The Eruption of Mount Daniel

To begin with, I’d like to dedicate this blog post to the woman sitting in row 09, seat C on the KLM flight from Athens to Amsterdam last week. Without her sharing her lovely germs with me, I’d be at work doing my CLO thing, rather than curled up in my pajamas, under a blanket, on my couch, coughing up a lung. I’d suggest raising a toast to her, but considering this is the same woman who waited all of five minutes after takeoff before opening her purse and hauling out multiple travel-size shampoo bottles filled with alcohol and lined them up on her lap tray, I’d say less drinking in her name would be for the best.

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I like Argentinians. My brother spent two years in Argentina, and for the most part, they treated him well. When we went to visit, we enjoyed dinner with a lovely Argentinian family in their humble abode and felt welcomed by all of his friends. (I’m serious when I say humble. This home was made of construction site quality plastic wrap. As we sat on benches eating our meal with the family, a litter of adorable puppies crawled in and out of the house, between the plastic and the dirt ground.) I hadn’t yet met an Argentinian I didn’t like…until Daniel.

From the time I was in middle school, I’ve loved tales of Pompeii and have always been fascinated by what it must have been like to see Mount Vesuvius erupt, so needless to say, I was especially excited for our daytrip out of Rome to see the mountain and visit the ruins. Nothing could dampen my giddiness at walking through history that morning. Or so I thought. Then, I met the chaos that is Daniel from Argentina.

Thad and I were part of a three-person tour group. Daniel was our third. Daniel spoke very little English, but it was no problem, as our tour guide spoke both English and Spanish, but I should have known it was going to be a long day when the van hadn’t even pulled away from the hotel before Daniel was complaining. His first (of many!) complaints for the day was about the headrest of the seat in front of him. Apparently, it was too high and he couldn’t see out the front window well, but then when Roberta, our tour guide, tried to take it off, he hollered at her to stop because she was going to break it.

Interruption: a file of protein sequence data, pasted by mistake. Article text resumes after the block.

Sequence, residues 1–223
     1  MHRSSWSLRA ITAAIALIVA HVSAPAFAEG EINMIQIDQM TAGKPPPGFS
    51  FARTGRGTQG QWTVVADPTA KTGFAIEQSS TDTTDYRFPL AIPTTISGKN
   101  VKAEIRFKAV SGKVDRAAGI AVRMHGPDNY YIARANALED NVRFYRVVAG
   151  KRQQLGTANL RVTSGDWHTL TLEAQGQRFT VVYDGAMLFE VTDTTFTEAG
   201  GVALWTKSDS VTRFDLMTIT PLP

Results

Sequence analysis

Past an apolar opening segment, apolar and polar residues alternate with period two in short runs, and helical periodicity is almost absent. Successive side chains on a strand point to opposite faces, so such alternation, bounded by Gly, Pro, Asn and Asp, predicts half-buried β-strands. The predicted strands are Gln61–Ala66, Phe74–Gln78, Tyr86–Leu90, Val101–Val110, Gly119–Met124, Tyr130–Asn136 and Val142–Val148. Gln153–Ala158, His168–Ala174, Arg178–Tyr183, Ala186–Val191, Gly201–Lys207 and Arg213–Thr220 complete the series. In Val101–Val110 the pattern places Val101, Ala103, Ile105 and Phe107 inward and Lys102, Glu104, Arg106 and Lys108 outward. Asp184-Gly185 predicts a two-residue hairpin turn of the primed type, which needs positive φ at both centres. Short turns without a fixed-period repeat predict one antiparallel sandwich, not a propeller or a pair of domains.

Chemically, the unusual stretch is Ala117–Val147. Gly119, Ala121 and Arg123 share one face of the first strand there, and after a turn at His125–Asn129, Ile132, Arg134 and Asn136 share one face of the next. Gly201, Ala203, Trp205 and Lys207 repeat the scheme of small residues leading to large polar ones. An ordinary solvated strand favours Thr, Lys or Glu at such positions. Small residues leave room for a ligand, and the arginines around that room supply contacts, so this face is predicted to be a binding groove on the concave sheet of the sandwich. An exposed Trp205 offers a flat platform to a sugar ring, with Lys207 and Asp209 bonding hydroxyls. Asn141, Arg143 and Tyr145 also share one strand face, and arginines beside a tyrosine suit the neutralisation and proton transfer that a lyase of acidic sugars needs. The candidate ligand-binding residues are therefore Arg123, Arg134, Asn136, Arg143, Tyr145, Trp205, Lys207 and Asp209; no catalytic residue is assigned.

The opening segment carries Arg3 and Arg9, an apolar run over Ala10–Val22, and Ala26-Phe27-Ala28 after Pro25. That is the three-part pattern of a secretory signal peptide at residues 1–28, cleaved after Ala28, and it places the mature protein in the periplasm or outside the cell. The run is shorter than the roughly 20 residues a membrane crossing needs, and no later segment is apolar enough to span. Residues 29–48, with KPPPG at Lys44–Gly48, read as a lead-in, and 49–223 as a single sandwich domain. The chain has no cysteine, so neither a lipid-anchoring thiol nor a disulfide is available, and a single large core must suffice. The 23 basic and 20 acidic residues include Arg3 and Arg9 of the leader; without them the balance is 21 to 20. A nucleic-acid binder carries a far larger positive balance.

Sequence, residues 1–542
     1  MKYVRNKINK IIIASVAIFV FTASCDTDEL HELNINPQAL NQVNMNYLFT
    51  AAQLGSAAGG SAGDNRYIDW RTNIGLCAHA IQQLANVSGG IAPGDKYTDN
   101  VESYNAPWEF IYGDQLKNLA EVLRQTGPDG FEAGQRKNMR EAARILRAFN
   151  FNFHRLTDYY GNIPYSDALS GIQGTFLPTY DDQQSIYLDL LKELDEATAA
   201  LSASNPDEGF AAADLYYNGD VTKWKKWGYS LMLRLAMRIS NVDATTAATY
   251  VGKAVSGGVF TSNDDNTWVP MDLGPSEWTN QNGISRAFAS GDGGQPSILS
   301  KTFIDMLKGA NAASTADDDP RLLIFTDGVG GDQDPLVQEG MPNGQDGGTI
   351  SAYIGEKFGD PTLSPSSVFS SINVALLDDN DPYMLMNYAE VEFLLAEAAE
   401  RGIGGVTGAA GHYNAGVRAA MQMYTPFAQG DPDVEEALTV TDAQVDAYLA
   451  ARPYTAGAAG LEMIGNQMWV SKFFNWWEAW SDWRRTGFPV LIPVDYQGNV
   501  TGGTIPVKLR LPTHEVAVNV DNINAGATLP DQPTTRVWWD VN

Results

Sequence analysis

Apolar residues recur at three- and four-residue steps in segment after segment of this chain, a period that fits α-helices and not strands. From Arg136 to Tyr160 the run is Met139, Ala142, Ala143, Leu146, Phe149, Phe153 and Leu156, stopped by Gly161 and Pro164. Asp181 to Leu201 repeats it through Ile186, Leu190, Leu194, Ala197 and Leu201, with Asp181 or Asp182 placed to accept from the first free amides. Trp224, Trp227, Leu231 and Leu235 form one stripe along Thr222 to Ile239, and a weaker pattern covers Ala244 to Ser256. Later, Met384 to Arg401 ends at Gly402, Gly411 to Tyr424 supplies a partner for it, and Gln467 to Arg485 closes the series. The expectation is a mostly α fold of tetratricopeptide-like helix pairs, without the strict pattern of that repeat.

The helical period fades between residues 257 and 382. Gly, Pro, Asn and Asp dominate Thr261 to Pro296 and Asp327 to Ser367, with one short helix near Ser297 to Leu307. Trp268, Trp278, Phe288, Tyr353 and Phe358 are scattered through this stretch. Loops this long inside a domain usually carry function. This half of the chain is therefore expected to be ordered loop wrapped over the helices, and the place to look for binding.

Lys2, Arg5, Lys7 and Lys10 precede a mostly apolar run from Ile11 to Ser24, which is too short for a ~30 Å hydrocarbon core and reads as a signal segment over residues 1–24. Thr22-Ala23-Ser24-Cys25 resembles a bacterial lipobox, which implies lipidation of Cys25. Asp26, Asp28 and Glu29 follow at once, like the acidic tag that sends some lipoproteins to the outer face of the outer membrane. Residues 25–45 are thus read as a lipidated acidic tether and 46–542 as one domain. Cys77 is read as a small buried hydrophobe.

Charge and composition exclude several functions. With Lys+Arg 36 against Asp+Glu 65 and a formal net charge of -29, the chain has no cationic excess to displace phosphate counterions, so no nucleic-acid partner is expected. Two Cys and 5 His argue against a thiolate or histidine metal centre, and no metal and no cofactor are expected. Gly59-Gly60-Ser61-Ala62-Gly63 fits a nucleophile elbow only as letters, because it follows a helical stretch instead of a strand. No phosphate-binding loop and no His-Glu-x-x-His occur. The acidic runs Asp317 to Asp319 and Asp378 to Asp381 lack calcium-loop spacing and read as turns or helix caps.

But whatever…it was early. I figured this odd duck of a companion was just not an early bird.

Things did not get better. Throughout the morning, whenever Roberta would turn to give us some information about an area we were passing or just to make a passing comment, Daniel would immediately demand that she translate everything she just said into Spanish. Which, to her credit, she was doing with the cultural and historical facts, but if I asked about a restroom, that hardly needed translated for everyone! Daniel was terrified of missing out on something, even something as mundane as asking about a road sign we passed.

Once we reached Pompeii, Roberta handed us off to Hector at the site of the ruins. Hector was this amazing older man who spoke a handful of languages and had served as a guide to Pompeii for twenty years. We quickly bought our tickets and headed up the steep stone path to the entrance of the ancient city. Before we had even made it to the top, Daniel stopped Hector to complain about the language issue. We had not been at the site for more than ten minute and Daniel was yelling (not an exaggeration!) at Hector, saying he had paid for this tour and expected it to be in Spanish. He went off about how Hector was talking to us for four minutes in English and him for only two in Spanish, so he thought he was being ripped off. I felt a bit like we were watching the eruption of the volcano that lurked just a few miles from where we stood.  It got awkward!

Finally, Thad had me tell Hector to just do the tour in Spanish and then I translated the gist for Thad. (I must admit, I learned some great new Spanish vocabulary about volcanoes and Pompeii!) Hector would still jump back and forth between languages, but with me helping to translate, it took a lot of pressure of him because Daniel was just a jerk.